Founded in 1796, Centerville was located south of Dayton in Washington Township on the land between the Little and Great Miami Rivers. The first settlers, Aaron Nutt, Benjamin Robbins, and Benjamin Archer, surveyed the land in February 1796. The three men drew lots for their land, and within several years all three moved their families to the new town. Additional settlers soon moved to the area, and by 1798 the tax assessment identified fifteen households in the area. The town was platted in 1805-1806, and in 1817 the first plat records were filed. [4]

George Reeder
(Courtesy of Library of Congress)

Like his son Milton in later years, Dan remained in contact with his family. He regularly corresponded with his older brother Asahel who resided in Centerville until 1827 when he moved to a farm in West Charleston, Bethel Township, Miami County, Ohio. Asahel's house in Centerville, was located near the northeast corner of the intersection of Main and Franklin Streets. Asahel purchased the property from E. Williams on August 16, 1816 for $150 and sold it in 1826. Until 1817, Asahel operated a stillhouse located near the present site of the intersection of Alexandersville-Bellbrook Road and Dayton-Lebanon Pike. Asahel rented the property from Aaron Nutt, and he used it to manufacture liquor and peppermint oil. Common Pleas Court records also documented that Asahel operated a store at the intersection of Main and Franklin Streets from 1816 until 1824. [5]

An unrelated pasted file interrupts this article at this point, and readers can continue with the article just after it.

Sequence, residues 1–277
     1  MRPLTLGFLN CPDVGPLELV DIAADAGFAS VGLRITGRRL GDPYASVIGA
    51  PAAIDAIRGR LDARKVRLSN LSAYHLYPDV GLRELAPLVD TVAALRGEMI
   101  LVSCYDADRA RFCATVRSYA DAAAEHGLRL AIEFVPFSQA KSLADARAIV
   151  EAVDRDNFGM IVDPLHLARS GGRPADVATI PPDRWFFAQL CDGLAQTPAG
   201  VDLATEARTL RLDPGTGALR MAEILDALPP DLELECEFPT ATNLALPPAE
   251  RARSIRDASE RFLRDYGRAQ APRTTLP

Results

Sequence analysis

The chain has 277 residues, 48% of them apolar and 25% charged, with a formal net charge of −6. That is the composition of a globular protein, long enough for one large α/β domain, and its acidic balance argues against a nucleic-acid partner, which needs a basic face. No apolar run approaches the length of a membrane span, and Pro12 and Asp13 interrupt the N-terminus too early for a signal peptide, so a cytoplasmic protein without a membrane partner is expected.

Dan Wright also resided in the Centerville area and worked at a local distillery. His residence was further documented in his marriage on February 12, 1818, to a local Centerville girl named Catherine Reeder. Catherine's parents were George and Margaret Van Cleve Reeder. Margaret's mother was Catharine Van Cleve Thompson, reputed the first white woman to set foot in Dayton when the first settlers arrived in 1796. Born on March 17, 1800, Catherine lived in Duck Creek, east of Cincinnati, until 1811 when the family moved to a farm in Centerville. In later years, Milton Wright wrote of his mother Catherine: "From early childhood she was of delicate health, but all her life full of energy and activity. Industry, affection, and conscientiousness were three of her chief characteristics. Home was her sphere, and her children her jewels." In February 1821, Dan quit working at the distillery and focused on farming. Subsequently, Dan, Catherine, and their two young sons, Samuel and Harvey, moved west to an eighty-acre farm in what became Rush County, Indiana. [6]